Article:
As I have written here before, I listen to business man Dave Ramsey’s YouTube videos as much as possible. I like his no-nonsense (albeit sometimes grumpy) advice to his in-debt listeners to “follow the baby steps” to pay-off debt. (Dave preaches the “debt snowball,” meaning that the smallest debt should be paid-off first and then the next debt, and the next debt, etc.)
One of Dave’s favorite rants is about student loans–specifically that too many people have taken out these loans to (in his opinion) pursue fields of study that aren’t very lucrative. He worries (and rightfully so) that these individuals will carry a debt burden for the remainder of their lives simply because they didn’t perform their due diligence prior to enrolling in college and taking-out loans to cover tuition.
Some of his followers have argued the point. After all, they say, who can really know whether a degree will result in a high-paying job? The market can be volatile, they contend. Some of the more critical allege that Dave’s Baby Boomer perspective keeps him from fully appreciating the complicated economic scenario facing Gen Y, Z, and (if something doesn’t change soon) Alpha.
To an extent, they are right. Dave has a ritual that he follows whenever someone calls into his show and professes to be drowning in student loan debt. After inquiring how much money the caller owes, Dave asks “So, which are you? A doctor or a lawyer?” Now, let’s face it: Not everyone wants to be a doctor or a lawyer. In addition, some statistics indicate that the legal profession and some parts of the medical field are saturated. Plus, today’s job market is pretty nuanced. There are new occupations springing-up every year. (Did you ever think that “life coaching” would become a real field of endeavor? Me, neither.) It’s hard to predict what fields will still be viable when a student graduates from college or how much money an entry-level job in those fields will pay.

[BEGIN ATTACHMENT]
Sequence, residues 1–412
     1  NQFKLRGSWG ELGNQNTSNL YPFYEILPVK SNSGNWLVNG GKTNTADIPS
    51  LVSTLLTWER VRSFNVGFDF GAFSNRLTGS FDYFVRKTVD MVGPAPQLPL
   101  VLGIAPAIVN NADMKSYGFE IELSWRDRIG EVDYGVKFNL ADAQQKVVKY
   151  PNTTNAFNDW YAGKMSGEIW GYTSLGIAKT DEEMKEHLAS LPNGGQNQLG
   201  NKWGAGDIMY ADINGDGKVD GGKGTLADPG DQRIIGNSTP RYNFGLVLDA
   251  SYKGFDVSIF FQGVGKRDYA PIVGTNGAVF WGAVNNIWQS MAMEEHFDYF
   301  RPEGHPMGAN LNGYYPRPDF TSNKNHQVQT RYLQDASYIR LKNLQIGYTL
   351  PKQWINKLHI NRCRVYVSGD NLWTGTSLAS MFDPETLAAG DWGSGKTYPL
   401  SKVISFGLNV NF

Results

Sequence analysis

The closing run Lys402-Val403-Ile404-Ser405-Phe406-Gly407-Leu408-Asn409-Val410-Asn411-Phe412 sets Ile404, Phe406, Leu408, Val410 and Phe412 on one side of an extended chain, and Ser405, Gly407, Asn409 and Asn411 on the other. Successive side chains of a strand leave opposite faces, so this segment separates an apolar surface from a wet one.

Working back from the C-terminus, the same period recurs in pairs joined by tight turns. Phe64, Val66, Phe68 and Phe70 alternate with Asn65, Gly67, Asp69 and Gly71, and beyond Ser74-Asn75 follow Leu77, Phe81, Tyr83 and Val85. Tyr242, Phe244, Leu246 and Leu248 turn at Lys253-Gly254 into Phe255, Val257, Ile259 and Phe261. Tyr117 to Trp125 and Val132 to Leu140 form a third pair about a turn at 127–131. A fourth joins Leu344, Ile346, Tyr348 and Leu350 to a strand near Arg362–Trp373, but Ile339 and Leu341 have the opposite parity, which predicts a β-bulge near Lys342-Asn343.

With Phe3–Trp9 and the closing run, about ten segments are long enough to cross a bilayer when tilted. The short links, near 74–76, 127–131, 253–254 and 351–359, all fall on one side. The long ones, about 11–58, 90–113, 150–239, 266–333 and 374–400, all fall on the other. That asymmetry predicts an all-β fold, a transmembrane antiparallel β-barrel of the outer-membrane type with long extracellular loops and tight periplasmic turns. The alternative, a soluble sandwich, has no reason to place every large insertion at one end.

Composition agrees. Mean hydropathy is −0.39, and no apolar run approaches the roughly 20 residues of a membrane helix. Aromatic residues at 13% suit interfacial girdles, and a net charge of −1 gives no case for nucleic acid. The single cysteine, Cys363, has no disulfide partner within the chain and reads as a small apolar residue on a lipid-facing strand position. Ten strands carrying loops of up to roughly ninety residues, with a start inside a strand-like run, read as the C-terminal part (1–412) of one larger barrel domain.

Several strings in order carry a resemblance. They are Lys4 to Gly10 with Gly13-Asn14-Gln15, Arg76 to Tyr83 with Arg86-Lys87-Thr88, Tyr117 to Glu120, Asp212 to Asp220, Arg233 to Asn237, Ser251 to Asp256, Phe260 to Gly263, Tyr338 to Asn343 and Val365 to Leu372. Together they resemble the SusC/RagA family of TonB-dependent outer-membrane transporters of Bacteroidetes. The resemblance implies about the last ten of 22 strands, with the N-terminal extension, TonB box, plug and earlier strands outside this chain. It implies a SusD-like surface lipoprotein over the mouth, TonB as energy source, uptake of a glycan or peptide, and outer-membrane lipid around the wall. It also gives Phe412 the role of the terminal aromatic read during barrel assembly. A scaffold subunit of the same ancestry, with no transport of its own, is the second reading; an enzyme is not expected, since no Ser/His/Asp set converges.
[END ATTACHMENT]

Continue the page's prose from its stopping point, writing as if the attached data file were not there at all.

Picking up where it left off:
Yet, those who throw ageist shade Dave’s way fail to take into account that student debt isn’t just a younger person’s problem. In fact, AARP reports:
The percentage of families headed by someone 50 or older with student loan debt more than tripled between 1989 and 2016, from 3.1 percent to 9.6 percent….Since 2004, student loan debt among those 60 and older has grown the fastest of any age group.
Most of this debt was accrued when seniors re-trained for encore careers or to maintain jobs requiring updated skill sets. Still others accrued debt by signing for their children’s or grandchildren’s student loans. As AARP points-out, seniors are often faced with repaying these loans while on fixed incomes and supporting children and even grandchildren who can’t find employment. AARP reports that, several years ago, the Social Security income of 114,000 seniors was garnished in an effort to collect student loan debt (AARP Bulletin, March 2019, p. 22 – 25).
Listen, I’m the last one to say that someone should take-out a loan and not re-pay it. However, I am also a realist: The student loan debt clock totaled America’s student loan debt at $1,667,530,481,920.60 at 9:09 PM EST this evening. It has grown even larger since then. One thing I think we can agree upon is that — whether we are student loan borrowers or not — when such a large segment of our nation is financially strapped and for such an extended period of time, the rest of the economy is placed at-risk. Whether we are conservative, liberal, or somewhere in-between, we need to urge our legislators to address this debt before it places us in an even tighter strangle-hold.
AARP Bulletin. (March 2019). Student Debt Isn’t Kid Stuff Anymore.